SOPH video/templatefiles/umc_video.aspx?id=2147548944Mannings for Health2016-04-25-01 $100 campaign for Children’s of Mississippi growth starts with $10 million gift from Sandersons
Published in CenterView on February 25, 2013

Newly published study connects gene variants to middle-age cognitive decline

By Jack Mazurak

Scientists analyzing a gene linked to obesity and diabetes found that people with certain variants experienced more cognitive decline in middle age.


The findings, published Jan. 1 in the journal “Neurology,” add another element to an array that could someday chart risk profiles for each person’s likelihood of developing Alzheimer’s or dementia.

Just as importantly, those gene variants could become targets for drug developers if further research shows a link between mid-life cognitive decline and more serious late-life dementia.

“Ultimately we’d like to know more about risk factors that affect cognition because the time to intervene is earlier rather than later,” said Dr. Thomas Mosley, professor of geriatric medicine and director of the Memory Impairment and Neurodegenerative Dementia (MIND) Research Center.

“You want to identify risk factors earlier in life because then you’re most likely to be able to change the outcome.

“People may be able to make lifestyle changes and, as better interventions develop, we may be able to prevent the onset of more serious cognitive changes.”

For the study, Mosley and collaborators at other institutions sampled 2,083 African-Americans from the Jackson metro area and 8,364 white Americans from North Carolina, Maryland and Minnesota.

The study participants had taken tests in 1990 for memory, processing speed and language skills. Six years later, the same people took the same tests. That gave Mosley and his colleagues a snapshot of each person’s cognitive changes.

All participants, part of a larger study called Atherosclerosis Risk in Communities, or ARIC, were between 45 and 64.

The scientists knew from their earlier research that diabetes is related to cognitive decline, and other studies have linked obesity to cognitive decline. For those reasons, they focused on an obesity- and diabetes-linked gene, FTO.

“So this was a way to link these prior findings back to a promising genetic target,” Mosley said.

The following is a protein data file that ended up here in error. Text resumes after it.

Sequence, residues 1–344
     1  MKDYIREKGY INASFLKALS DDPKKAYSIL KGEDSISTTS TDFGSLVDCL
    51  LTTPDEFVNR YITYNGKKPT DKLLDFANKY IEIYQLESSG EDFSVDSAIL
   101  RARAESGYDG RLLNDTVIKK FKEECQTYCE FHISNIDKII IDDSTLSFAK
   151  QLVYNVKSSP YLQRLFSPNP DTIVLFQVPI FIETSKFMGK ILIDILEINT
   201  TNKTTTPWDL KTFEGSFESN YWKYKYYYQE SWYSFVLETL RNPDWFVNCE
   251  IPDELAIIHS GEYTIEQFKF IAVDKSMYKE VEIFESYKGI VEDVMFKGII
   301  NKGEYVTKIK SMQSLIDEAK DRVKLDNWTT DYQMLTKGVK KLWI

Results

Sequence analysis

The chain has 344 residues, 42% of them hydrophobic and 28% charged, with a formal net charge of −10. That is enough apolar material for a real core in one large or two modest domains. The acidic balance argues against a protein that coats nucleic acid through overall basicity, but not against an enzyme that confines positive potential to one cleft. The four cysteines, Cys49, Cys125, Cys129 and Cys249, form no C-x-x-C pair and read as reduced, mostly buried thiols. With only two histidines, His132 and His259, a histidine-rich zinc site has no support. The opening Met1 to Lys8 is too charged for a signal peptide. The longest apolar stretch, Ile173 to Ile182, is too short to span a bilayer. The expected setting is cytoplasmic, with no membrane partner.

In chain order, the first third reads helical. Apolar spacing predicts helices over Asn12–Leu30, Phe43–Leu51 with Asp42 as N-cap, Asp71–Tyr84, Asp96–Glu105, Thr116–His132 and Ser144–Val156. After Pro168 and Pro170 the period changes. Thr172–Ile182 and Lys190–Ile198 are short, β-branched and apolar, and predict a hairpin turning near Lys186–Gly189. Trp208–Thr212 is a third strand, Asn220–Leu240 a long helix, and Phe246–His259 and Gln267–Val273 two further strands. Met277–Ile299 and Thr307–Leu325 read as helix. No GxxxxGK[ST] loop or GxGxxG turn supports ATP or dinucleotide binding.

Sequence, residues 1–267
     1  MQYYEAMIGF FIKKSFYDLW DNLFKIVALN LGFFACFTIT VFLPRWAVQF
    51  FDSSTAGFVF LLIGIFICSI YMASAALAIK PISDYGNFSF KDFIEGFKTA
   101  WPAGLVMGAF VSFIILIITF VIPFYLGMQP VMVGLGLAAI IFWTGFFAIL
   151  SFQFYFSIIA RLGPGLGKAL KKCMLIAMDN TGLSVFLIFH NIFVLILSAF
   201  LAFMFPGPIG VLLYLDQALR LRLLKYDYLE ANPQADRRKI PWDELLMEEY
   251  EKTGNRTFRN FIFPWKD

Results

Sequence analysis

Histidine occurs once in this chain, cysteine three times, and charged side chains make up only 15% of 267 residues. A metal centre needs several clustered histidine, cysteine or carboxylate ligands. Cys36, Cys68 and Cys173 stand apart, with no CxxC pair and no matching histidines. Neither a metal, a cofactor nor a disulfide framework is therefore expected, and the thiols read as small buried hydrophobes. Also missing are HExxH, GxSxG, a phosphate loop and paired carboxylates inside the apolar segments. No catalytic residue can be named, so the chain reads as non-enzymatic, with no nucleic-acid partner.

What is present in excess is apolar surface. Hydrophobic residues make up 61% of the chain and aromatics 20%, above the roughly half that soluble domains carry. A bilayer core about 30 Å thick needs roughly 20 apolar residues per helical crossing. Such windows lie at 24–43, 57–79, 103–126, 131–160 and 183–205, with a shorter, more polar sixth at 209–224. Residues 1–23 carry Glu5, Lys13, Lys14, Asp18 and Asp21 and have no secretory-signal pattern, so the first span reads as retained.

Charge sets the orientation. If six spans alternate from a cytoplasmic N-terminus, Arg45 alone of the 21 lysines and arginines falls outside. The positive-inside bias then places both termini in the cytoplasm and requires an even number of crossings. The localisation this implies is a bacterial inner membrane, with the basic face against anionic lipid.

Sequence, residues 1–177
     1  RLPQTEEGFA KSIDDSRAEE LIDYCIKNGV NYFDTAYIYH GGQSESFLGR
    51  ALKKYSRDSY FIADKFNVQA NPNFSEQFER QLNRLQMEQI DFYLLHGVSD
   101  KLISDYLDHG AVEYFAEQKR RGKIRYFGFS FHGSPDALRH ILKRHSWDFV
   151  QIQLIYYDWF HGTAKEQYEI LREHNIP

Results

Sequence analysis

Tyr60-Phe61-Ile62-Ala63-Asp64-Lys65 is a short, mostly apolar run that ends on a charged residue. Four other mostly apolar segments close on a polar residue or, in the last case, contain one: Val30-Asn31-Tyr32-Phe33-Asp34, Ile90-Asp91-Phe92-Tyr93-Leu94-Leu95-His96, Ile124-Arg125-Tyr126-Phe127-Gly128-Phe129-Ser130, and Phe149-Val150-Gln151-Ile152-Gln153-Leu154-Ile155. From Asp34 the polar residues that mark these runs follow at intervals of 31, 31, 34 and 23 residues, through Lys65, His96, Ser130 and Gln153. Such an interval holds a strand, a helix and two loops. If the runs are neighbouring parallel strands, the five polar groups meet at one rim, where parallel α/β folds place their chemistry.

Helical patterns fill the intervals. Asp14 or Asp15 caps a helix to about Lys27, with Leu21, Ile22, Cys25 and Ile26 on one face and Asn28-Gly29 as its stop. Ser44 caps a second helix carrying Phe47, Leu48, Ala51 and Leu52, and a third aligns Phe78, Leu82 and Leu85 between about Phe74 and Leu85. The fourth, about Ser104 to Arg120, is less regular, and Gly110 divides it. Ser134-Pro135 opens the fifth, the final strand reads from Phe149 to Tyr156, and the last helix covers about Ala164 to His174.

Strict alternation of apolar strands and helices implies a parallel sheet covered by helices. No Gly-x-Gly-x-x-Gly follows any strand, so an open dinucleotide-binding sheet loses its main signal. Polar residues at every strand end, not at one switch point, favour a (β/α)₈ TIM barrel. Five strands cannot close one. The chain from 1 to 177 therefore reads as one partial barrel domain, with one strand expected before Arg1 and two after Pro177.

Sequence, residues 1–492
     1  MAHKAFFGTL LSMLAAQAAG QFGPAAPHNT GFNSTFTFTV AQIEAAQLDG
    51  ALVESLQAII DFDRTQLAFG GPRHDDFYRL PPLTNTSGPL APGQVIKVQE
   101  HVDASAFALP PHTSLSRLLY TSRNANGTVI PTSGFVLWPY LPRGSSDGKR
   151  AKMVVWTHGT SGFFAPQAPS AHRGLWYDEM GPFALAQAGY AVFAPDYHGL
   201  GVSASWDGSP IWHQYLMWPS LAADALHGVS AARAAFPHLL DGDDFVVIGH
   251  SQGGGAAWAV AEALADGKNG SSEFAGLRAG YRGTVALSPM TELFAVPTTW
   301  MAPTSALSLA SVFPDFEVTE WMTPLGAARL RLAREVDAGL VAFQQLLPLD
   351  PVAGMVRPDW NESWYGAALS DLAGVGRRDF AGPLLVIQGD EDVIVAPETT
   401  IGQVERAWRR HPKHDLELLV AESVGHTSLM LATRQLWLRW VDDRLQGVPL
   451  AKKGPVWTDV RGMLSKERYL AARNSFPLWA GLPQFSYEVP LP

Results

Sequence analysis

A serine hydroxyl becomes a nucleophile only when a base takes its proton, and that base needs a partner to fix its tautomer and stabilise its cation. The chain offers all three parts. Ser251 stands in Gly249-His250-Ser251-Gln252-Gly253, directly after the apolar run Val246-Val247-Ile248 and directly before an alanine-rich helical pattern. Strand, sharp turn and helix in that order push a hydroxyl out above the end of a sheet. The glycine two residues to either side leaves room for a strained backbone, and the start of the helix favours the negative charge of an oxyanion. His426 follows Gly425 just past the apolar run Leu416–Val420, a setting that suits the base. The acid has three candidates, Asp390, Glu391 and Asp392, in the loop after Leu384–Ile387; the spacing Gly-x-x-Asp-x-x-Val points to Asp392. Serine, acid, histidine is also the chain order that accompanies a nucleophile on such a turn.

In the last couple of years, the researchers looked at four variants of FTO. While everyone has the FTO gene, not everyone has all four of the variants.

The scientists overlaid the cognition-test results with each individual’s FTO analysis. They found white Americans with two of the four gene variants had more change in their cognition than participants without those variants.

“The amount of cognitive decline was statistically significant but not huge,” Mosley said. “We still don’t know whether that modest amount of cognitive change in mid-life translates into increased risks for more clinically significant changes such as dementia in late life. We have an ongoing study to attempt to answer this question.”

African-Americans showed no changes associated with the gene variants. As well, the results didn’t change when analyzed by other risk factors, including age, gender education, diabetes, high blood pressure or body fat.

Mosley said most of the obesity-related findings about FTO also have related to white Americans, not African-Americans.

“It could be those variants operate differently in African-Americans. Or that the effects of FTO are less easily detected in African-Americans, perhaps washed out by the influence of other competing risk factors,” he said.

Dr. Eric Boerwinkle, professor and director of the IMM Center for Human Genetics at the University of Texas Health Science Center at Houston, collaborated with Mosley.

“Our study helps to identify exactly which variants of this gene may be associated with obesity and diabetes, and independently, may play a role in cognitive decline for people in middle age,” Boerwinkle said.

“Although the amount of change was modest, finding the genetic pathways in which these variants are involved and how they contribute to a decline in memory could help scientists develop new treatments for early prevention.”

The National Heart, Lung, and Blood Institute funded for the research.

The researchers now are looking at the 25-year changes in the 12,000-plus members of the ARIC cohort in what’s called the ARIC Neurocognitive Study.